Copyright © 2008 Ed Bagley
Friendly Persuasion – 3 Stars (Good)
If “Friendly Persuasion” was produced 52 years after its original release in 1956, it might have won some of the 6 Oscar nominations it received, such as Best Sound and Best Writing, not to mention Best Picture and Best Director.
The technical advancements in moviemaking today are light years ahead of where they were when William Wyler directed this simple film about a simple family in a very complicated situation.
The Birdwell family members are Quakers by faith, farmers by profession and clearly in the wrong place in Indiana in 1862 when Confederate soldiers are marching north in the Civil War, looking for food and using a scorched Earth strategy by destroying everything in their path.
Father Jess (Gary Cooper), mother Eliza (Dorothy McGuire), son Josh (Anthony Perkins) and daughter Mattie (Phyllis Love) are not just Quakers, they are practicing Quakers who are pacifists and dead set against committing any act of violence, and especially war against another person.
Well, all except Josh who, when he learns that the Southern forces are marching toward his farm with destruction on their mind and his family members are in danger of losing their life, decides to fight.
“I don’t want to die,” laments Josh. “I don’t think I could kill anyone if I tried. But I have to try, so long as other people have to.” His mother Eliza is distraught and urges Josh to pray on his decision before he acts.
When prayer does not get the result Eliza wants, she looks to his father for help in convincing Josh to not go and fight. Jess counters with this bit of thought, “I’m just his father, Eliza, not his conscience. A man’s life ain’t worth a hill of beans except he lives up to his own conscience.”
Josh goes and what happens to him as the Confederate forces attack the farm, well, that is why you need to see this film. There are a number of reasons why this movie was nominated for Oscars as the Best Picture, Best Director, Best Sound, Best Writing, Best Music (Dimitri Tiomkin, music, and Paul Francis Webster, lyrics) and Best Supporting Actor (Anthony Perkins, who would gain more fame 4 years later with Janet Leigh in “Psycho”).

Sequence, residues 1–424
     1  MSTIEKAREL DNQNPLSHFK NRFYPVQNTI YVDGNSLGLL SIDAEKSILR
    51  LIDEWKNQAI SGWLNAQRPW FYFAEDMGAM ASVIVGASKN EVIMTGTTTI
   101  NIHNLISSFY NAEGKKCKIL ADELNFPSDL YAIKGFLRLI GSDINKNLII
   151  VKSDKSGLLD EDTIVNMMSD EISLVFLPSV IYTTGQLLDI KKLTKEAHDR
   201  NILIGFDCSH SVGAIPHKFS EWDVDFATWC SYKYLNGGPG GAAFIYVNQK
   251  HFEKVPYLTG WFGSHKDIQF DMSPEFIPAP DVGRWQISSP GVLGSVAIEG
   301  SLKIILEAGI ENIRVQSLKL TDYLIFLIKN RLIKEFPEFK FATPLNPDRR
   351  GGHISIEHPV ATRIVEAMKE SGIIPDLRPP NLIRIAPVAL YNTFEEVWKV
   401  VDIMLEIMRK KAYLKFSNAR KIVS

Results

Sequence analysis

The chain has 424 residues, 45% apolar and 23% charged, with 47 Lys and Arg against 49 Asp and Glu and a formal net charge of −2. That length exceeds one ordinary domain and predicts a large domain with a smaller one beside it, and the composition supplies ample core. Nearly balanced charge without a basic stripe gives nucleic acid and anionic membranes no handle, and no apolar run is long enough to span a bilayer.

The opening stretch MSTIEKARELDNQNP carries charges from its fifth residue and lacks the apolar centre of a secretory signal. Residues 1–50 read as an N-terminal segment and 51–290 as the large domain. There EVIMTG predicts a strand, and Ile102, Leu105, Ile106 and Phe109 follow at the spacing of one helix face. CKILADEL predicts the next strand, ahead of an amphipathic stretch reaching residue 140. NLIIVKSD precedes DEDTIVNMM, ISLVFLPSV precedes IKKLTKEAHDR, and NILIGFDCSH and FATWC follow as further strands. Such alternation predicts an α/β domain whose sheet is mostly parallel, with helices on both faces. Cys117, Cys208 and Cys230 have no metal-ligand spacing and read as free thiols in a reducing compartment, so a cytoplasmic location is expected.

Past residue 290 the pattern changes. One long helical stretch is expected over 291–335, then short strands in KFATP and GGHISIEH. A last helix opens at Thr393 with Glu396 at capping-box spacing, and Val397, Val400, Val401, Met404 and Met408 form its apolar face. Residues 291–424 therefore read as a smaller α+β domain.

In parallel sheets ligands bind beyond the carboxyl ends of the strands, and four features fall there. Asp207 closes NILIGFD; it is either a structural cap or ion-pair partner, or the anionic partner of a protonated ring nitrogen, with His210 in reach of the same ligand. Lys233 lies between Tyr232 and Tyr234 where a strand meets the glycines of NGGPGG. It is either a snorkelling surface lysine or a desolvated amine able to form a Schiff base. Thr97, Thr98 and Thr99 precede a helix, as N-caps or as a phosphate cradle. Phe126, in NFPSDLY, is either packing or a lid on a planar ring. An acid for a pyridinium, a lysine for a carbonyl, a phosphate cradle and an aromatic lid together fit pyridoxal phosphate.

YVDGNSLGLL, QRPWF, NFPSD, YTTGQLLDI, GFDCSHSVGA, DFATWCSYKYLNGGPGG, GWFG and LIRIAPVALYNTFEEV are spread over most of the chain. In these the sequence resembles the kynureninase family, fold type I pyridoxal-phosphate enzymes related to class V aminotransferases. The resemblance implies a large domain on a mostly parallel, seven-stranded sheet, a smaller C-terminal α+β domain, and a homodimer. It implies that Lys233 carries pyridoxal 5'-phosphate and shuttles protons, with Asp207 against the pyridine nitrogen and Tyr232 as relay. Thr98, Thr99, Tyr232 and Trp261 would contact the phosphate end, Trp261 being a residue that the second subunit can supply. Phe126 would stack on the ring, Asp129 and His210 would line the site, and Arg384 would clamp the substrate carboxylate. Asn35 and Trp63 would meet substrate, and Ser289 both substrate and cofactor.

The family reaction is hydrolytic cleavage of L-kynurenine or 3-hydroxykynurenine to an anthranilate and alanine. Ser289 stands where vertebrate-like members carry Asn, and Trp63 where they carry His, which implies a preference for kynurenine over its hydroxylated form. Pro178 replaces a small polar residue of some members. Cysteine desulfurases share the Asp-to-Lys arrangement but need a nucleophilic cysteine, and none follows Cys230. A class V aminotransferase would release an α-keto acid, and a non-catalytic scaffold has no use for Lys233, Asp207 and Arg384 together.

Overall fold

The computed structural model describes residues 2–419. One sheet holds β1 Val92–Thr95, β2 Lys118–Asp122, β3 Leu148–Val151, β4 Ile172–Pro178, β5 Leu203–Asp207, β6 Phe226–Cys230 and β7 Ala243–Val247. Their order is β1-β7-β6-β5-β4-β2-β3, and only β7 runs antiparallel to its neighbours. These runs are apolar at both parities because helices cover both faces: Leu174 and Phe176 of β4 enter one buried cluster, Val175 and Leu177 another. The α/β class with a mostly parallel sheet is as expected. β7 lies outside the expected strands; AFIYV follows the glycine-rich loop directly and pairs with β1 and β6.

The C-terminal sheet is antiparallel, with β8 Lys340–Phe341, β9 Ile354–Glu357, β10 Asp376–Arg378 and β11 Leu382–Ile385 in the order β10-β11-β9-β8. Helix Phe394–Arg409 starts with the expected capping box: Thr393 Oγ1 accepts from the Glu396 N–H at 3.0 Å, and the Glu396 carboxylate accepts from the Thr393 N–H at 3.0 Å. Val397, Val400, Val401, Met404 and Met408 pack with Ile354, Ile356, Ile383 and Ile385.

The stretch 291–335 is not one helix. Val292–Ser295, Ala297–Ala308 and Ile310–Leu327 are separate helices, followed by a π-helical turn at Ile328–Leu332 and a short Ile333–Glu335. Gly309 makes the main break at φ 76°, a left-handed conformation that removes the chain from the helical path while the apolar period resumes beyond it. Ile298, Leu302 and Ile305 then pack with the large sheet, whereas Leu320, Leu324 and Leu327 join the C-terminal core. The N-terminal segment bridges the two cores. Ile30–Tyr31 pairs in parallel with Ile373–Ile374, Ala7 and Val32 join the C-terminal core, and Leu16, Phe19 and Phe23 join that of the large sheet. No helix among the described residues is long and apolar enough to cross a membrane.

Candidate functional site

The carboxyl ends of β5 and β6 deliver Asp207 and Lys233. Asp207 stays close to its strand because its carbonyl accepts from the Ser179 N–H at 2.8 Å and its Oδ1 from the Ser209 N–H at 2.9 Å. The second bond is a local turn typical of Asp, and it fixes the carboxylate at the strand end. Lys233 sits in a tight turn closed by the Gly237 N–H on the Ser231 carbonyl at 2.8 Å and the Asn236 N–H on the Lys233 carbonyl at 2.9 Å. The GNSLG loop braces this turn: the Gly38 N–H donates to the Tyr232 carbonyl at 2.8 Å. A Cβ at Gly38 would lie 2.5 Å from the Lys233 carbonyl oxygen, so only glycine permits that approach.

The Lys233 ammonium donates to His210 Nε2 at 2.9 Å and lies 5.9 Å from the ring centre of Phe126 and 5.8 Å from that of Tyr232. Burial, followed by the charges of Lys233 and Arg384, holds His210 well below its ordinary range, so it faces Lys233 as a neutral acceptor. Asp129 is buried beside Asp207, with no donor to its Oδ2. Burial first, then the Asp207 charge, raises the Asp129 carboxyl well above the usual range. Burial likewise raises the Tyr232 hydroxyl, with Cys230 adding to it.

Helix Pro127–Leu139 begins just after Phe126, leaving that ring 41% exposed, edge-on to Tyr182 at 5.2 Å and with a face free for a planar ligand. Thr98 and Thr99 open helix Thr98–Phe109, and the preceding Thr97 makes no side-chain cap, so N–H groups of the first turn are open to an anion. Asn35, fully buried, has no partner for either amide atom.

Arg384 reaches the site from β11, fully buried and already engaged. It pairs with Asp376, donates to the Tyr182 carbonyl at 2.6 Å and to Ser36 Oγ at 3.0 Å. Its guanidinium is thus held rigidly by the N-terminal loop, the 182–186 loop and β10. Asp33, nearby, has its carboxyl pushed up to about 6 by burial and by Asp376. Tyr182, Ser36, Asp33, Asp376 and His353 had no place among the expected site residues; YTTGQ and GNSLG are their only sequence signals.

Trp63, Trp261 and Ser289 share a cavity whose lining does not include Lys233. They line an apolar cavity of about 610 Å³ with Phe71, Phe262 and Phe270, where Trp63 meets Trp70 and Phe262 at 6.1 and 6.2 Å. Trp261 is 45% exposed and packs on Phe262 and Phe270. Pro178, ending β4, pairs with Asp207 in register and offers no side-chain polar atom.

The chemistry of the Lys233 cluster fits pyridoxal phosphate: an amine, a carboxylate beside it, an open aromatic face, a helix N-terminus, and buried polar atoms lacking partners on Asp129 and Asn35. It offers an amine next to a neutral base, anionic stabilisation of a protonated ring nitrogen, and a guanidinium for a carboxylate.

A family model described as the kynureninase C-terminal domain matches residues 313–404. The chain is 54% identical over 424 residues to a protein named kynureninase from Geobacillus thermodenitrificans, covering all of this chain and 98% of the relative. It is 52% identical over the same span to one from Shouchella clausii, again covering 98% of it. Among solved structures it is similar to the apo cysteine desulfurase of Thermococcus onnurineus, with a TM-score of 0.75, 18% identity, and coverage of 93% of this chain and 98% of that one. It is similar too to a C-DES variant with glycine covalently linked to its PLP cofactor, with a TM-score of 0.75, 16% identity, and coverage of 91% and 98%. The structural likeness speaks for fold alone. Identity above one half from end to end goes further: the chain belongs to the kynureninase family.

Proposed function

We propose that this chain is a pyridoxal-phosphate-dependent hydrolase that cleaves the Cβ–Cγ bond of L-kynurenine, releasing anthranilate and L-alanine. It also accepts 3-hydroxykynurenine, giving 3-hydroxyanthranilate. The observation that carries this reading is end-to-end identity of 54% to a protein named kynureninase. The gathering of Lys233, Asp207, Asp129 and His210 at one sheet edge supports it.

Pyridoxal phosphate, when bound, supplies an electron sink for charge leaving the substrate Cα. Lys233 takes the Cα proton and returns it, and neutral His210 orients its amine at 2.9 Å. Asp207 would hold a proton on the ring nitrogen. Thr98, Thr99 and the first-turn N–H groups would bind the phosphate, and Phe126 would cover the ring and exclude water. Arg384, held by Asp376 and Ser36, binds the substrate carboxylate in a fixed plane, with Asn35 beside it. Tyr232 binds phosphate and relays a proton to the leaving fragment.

Friendly Persuasion was originally released without a screenwriting credit due to the blacklisting of Michael Wilson, whose credit as the screenwriter was restored 40 years later in 1996. Despite Michael Wilson’s work, his screenplay was not better than the book it was based on by Jessamyn West.
The official name of the Quaker religion is the Society of Friends. Jessamyn West’s book is named “The Friendly Persuasion” which refers to the Quaker faith. The movie is titled “Friendly Persuasion” which refers to how Quakers communicate with others.
The film begs the question of just how far someone will go to stand by his or her religious beliefs in a life-threatening crisis. History is filled with martyrs who were killed or died because of their religious beliefs.
Gary Cooper initially turned down his lead role because he did not believe the American public would accept him as a devout Quaker father. Cooper was wrong.
Director William Wyler went to the bank on this film. He was the director but also the producer with his brother Robert Wyler as an associate producer. Wyler is considered by many to be second only to John Ford as a master craftsman of cinema. He was nominated a record 12 times for an Academy Award as Best Director, and won three Oscars for “Mrs. Miner”, “The Best Years of Our Lives” and “Ben Hour”.
While Wyler’s directing style was demanding (he was nicknamed “40-take Wyler”), more actors won Academy Awards in Wyler movies (14 Oscars in 36 nominations) than with any other director in history.
Wyler also directed Wuthering Heights, Jezebel, Roman Holiday, The Collector and Funny Girl during his 45-year career. He died in 1981 as one of America’s two greatest film directors.